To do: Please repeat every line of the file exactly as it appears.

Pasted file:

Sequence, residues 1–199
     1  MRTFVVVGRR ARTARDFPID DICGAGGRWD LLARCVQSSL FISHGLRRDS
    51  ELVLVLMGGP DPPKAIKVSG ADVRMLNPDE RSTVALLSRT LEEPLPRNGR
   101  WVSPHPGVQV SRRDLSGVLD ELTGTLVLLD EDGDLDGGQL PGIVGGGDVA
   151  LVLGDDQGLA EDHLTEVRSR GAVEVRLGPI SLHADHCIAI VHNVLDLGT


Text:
Sequence, residues 1–199
     1  MRTFVVVGRR ARTARDFPID DICGAGGRWD LLARCVQSSL FISHGLRRDS
    51  ELVLVLMGGP DPPKAIKVSG ADVRMLNPDE RSTVALLSRT LEEPLPRNGR
   101  WVSPHPGVQV SRRDLSGVLD ELTGTLVLLD EDGDLDGGQL PGIVGGGDVA
   151  LVLGDDQGLA EDHLTEVRSR GAVEVRLGPI SLHADHCIAI VHNVLDLGT